The Rise of Big Business: 1860 - 1920, 3rd Edition
December 2005, ©2006, Wiley-Blackwell
The fundamental and explosive changes in the U.S. economy and its business system from 1860 to 1920 continue to fascinate and engage historians, economists, and sociologists. While many disagreements persist about the motivations of the actors, most scholars roughly agree on the central shifts in technologies and markets that called forth big business. Recent scholarship, however, has revealed important new insights into the changing cultural values and sensibilities of Americans who lived during the time, on women in business, on the ties between the emerging corporations and other American institutions, on the nature of competition among giant firms, and on the dawn of modern advertising and consumerism.
This vast accumulation of notable new work on the social concept and consequences of economic change in that era has prompted Glenn Porter to recast numerous portions of The Rise of Big Business, one of Harlan Davidson’s most successful titles ever, in this, the third edition. Those familiar with this classic text will appreciate the expanded coverage of topics beyond the fray of regulation and the political dimensions of the emergence of concentrated enterprise, namely the influence of the rise of big business on social history.
An entirely new bank of photographs and illustrations rounds out the latest edition of our enduringly popular title, one perfect for supplementary reading in a variety of courses including the U.S. history survey, the history of American business, and specialized courses in social history and the Gilded Age.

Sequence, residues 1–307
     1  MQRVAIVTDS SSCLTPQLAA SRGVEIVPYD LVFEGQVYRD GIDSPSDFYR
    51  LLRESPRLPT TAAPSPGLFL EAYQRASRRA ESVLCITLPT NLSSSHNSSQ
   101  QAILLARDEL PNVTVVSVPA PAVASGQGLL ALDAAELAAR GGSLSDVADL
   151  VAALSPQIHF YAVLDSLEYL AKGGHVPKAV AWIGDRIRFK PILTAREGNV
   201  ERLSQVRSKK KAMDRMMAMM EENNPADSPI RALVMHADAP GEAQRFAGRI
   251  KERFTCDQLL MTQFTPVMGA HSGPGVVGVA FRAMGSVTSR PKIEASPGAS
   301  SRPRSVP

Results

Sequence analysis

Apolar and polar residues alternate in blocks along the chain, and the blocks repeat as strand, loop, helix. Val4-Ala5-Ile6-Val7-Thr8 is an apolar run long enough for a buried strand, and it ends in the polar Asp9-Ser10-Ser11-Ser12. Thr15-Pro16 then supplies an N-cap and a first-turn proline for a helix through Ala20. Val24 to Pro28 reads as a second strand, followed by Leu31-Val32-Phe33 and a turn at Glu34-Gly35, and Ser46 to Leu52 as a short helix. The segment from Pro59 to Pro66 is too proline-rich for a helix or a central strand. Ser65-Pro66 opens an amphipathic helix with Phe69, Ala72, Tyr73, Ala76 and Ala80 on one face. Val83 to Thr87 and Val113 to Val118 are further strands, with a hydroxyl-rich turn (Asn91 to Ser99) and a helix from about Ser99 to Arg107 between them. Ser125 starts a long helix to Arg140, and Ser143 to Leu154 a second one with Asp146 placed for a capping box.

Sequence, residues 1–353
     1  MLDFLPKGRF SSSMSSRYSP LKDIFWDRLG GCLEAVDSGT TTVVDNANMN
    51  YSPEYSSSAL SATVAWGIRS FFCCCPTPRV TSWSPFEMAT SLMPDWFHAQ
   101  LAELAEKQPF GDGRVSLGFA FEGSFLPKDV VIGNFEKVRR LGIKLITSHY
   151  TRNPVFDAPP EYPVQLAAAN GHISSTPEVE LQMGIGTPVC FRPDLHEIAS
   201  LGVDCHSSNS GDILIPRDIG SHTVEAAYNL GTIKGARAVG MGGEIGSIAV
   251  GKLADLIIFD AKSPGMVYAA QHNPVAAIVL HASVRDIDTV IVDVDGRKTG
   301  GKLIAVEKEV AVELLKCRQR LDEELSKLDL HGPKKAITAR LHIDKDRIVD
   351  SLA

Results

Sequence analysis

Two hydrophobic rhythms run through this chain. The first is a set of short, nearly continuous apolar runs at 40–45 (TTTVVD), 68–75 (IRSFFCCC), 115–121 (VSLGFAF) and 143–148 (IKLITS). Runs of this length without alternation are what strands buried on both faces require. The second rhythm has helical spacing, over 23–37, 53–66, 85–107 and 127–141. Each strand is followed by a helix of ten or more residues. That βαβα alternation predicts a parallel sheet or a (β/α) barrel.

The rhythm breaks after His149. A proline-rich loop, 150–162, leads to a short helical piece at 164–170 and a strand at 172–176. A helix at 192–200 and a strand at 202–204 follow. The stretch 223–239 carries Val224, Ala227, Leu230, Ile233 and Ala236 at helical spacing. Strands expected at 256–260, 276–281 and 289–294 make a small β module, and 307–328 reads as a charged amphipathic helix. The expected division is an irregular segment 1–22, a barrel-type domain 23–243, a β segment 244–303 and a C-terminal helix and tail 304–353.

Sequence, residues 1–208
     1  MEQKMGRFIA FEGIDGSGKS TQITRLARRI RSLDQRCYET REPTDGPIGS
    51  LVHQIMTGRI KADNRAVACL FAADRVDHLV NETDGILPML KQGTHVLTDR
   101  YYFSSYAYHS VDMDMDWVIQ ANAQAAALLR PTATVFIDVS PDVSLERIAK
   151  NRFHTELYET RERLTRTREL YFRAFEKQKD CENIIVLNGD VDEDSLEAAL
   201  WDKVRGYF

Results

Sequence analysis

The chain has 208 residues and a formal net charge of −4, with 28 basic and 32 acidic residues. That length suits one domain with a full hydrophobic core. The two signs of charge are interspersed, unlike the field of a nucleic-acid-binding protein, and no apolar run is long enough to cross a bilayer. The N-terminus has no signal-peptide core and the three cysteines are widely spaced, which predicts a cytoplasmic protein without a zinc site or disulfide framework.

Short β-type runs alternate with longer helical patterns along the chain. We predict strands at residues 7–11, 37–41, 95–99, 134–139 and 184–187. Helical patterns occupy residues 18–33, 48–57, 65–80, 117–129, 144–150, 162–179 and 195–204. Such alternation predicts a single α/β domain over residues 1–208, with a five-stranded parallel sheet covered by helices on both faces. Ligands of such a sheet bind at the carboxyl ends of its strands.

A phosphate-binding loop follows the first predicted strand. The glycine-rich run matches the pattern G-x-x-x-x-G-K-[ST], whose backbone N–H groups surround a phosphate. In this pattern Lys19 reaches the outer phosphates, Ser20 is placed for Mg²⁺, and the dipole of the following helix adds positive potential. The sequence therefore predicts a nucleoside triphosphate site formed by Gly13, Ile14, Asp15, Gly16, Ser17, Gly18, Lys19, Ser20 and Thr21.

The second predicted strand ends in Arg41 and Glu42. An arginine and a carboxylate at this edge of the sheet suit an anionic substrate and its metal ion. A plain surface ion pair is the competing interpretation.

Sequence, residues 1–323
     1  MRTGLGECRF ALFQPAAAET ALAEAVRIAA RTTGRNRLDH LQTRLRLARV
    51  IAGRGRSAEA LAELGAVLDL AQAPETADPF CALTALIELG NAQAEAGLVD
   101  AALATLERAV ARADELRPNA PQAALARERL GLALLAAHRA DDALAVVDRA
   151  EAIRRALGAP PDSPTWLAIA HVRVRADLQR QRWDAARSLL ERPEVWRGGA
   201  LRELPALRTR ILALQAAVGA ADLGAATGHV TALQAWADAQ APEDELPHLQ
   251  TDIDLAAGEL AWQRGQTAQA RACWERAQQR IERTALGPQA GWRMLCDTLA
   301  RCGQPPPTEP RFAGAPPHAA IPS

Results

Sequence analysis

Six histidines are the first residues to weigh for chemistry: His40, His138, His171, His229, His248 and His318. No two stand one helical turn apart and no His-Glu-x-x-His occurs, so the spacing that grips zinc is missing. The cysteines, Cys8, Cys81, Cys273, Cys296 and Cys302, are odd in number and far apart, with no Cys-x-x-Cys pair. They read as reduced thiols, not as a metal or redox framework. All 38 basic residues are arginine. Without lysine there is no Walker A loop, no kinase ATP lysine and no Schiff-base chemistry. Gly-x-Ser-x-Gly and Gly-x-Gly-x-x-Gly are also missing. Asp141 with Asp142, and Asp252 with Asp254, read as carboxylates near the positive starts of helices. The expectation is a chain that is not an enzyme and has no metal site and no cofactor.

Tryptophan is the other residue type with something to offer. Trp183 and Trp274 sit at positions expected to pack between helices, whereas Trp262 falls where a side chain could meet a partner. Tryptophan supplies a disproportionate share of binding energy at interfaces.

Preface to the Third Edition IX
CHAPTER ONE: What is Big Business? 1
CHAPTER TWO: The Appearance and Spread of Big Business 31
The Advent of Industrialization 31
Pioneers in Big Business: The Railroads 34
Preconditions for Big Business 43
Vertical Growth 48
Horizontal Growth 61
The Great Merger Wave 79
CHAPTER THREE: Corporate Triumph: “Capitalistic, Centralizing, and Mechanical” 93
Bibliographical Essay 129
Photographs follow page 92
Glenn Porter is the Director Emeritus of the Hagley Museum and Library, an internationally renowned research library in business history and one of the leading American industrial museums. He is the author of numerous articles, chapters, and reviews, and the books he has written, co-authored, or edited include: Merchants and Manufacturers: Studies in the Changing Structures of Nineteeth-Century Marketing (1971); Enterprise and Economic Development: Essays in Canadian Business and Economic History (1973); Regional Economic History: The Mid-Atlantic Area since 1700 (1976); The Encyclopedia of American Economic History (3 vols., 1980); The Workers’ World at Hagley (1981); The Papers of John D. Rockefeller, Sr. (1991); and Raymond Loewy: Designs for a Consumer Culture (2002). While on the faculty of the Harvard Business School, he served as editor of the Business History Review, and he was also the general editor for two book series, at JAI press and at the John Hopkins University Press.
Dr. Porter served on the editorial board of the Journal American History, as President and Trustee of the Business History Conference, as Trustee of the Andalusia Foundation and of the WORLDESIGN Foundation, on the Department of the Interior’s advisory committee on National Historic Landmarks, on the National Aeronautics and Space Administration’s History Advisory Committee, and as President of the Independent Research Libraries Association. At Hagley, he headed the Regional Economic History Research Center before becoming Director of the Hagley Museum and Library in 1984. He retired from that post in 2002 and now enjoys life in New Mexico.